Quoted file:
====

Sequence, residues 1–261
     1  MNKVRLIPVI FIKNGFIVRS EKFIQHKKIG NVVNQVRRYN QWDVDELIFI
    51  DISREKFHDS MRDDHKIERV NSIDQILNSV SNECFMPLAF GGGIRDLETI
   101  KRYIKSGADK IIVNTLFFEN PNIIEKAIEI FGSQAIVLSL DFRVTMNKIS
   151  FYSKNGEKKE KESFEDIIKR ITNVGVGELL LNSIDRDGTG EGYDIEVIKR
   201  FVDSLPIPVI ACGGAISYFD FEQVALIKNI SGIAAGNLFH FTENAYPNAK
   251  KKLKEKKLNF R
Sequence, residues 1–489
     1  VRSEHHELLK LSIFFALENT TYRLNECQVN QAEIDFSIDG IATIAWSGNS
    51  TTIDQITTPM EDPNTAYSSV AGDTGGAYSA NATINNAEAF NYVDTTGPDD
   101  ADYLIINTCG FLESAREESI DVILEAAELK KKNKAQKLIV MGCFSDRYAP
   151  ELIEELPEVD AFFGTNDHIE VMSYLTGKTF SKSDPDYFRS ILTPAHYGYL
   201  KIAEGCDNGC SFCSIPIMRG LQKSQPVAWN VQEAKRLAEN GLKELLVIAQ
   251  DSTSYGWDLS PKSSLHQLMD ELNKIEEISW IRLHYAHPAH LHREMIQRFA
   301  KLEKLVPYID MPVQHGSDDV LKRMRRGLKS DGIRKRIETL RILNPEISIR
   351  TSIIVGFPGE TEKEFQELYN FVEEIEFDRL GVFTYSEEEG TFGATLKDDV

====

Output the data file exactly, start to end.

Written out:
Sequence, residues 1–261
     1  MNKVRLIPVI FIKNGFIVRS EKFIQHKKIG NVVNQVRRYN QWDVDELIFI
    51  DISREKFHDS MRDDHKIERV NSIDQILNSV SNECFMPLAF GGGIRDLETI
   101  KRYIKSGADK IIVNTLFFEN PNIIEKAIEI FGSQAIVLSL DFRVTMNKIS
   151  FYSKNGEKKE KESFEDIIKR ITNVGVGELL LNSIDRDGTG EGYDIEVIKR
   201  FVDSLPIPVI ACGGAISYFD FEQVALIKNI SGIAAGNLFH FTENAYPNAK
   251  KKLKEKKLNF R
Sequence, residues 1–489
     1  VRSEHHELLK LSIFFALENT TYRLNECQVN QAEIDFSIDG IATIAWSGNS
    51  TTIDQITTPM EDPNTAYSSV AGDTGGAYSA NATINNAEAF NYVDTTGPDD
   101  ADYLIINTCG FLESAREESI DVILEAAELK KKNKAQKLIV MGCFSDRYAP
   151  ELIEELPEVD AFFGTNDHIE VMSYLTGKTF SKSDPDYFRS ILTPAHYGYL
   201  KIAEGCDNGC SFCSIPIMRG LQKSQPVAWN VQEAKRLAEN GLKELLVIAQ
   251  DSTSYGWDLS PKSSLHQLMD ELNKIEEISW IRLHYAHPAH LHREMIQRFA
   301  KLEKLVPYID MPVQHGSDDV LKRMRRGLKS DGIRKRIETL RILNPEISIR
   351  TSIIVGFPGE TEKEFQELYN FVEEIEFDRL GVFTYSEEEG TFGATLKDDV